The man who rose to notoriety after his pharmaceuticals firm massively raised the price of a potentially life-saving drug by 5,000 per cent has found himself in hot water yet again.
Martin Shkreli, former boss of Turing Pharmaceuticals, has been found guilty on three counts of securities fraud in the US.
But a jury cleared him of five other counts, leading Shkreli to say he was pleased with the result.
"This was a witch hunt of epic proportions," he said in New York after the verdict.
"And maybe they found one or two broomsticks but at the end of the day we've been acquitted of the most important charges in this case and I'm delighted to report that."
The charges related to two of Shkreli's other companies: the hedge fund MSMB Capital Management and biotechnology firm Retrophin.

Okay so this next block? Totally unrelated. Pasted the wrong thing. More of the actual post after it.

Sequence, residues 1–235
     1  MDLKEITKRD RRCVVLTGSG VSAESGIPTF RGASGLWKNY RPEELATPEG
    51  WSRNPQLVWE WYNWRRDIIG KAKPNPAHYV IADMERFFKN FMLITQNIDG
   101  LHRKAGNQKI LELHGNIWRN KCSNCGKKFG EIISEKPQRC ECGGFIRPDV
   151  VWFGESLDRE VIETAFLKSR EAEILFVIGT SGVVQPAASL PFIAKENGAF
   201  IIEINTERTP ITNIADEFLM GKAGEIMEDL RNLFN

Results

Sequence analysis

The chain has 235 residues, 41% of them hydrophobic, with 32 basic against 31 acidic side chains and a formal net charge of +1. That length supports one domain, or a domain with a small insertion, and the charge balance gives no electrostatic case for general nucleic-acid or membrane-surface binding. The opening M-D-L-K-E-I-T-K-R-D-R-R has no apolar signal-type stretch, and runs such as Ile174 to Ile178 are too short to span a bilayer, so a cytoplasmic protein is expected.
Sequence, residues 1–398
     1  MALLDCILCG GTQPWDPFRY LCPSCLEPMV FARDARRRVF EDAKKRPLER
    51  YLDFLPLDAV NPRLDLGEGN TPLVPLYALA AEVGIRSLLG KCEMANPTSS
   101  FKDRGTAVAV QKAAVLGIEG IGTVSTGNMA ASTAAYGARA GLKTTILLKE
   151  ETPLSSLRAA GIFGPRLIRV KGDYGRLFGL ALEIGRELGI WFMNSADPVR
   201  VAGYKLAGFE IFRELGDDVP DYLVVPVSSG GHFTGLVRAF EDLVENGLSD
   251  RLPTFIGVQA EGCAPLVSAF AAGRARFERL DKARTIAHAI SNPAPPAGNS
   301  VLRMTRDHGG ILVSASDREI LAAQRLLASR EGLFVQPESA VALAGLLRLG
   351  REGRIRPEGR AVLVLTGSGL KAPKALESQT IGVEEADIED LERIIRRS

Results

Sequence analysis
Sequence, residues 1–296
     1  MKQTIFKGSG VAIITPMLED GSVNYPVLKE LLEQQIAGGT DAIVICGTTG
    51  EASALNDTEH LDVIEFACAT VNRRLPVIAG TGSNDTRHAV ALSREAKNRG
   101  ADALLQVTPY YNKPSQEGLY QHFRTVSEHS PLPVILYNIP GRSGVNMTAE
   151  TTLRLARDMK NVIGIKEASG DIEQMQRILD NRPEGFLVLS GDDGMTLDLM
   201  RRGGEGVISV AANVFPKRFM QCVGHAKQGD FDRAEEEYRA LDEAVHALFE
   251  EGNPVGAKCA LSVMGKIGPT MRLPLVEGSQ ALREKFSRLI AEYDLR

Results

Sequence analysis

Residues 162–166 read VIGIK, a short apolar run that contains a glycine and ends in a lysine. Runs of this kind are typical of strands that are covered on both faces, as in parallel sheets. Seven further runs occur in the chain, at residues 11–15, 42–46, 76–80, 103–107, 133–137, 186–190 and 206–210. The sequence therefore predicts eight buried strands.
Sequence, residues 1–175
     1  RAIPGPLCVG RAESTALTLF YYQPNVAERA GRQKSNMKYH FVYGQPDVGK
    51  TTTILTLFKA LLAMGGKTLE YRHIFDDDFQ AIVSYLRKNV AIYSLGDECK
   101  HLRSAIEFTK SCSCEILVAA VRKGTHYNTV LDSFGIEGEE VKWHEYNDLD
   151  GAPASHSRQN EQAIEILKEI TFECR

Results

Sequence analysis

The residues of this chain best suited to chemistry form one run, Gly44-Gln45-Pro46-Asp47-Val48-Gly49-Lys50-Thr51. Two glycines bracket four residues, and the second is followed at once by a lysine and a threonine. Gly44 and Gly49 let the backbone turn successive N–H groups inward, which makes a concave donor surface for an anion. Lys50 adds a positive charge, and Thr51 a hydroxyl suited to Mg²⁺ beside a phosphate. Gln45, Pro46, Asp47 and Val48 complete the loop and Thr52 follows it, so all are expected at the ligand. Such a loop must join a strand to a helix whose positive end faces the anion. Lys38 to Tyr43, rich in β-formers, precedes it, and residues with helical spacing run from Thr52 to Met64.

He was found guilty of lying to investors to gain more capital for his faltering hedge funds, but was cleared of illegally raiding Retrophin's assets to pay back investors.
Shkreli was branded "the most hated man in America" in 2015 after Turing Pharmaceuticals acquired the license for Daraprim and raised the price from $13.50 a pill to $750 a pill. The antiparasitic drug is commonly used to treat or prevent various diseases affecting patients with HIV or AIDS.
The debacle was so widely covered that it took three days to find jurors for the fraud trial who did not have an existing opinion of him.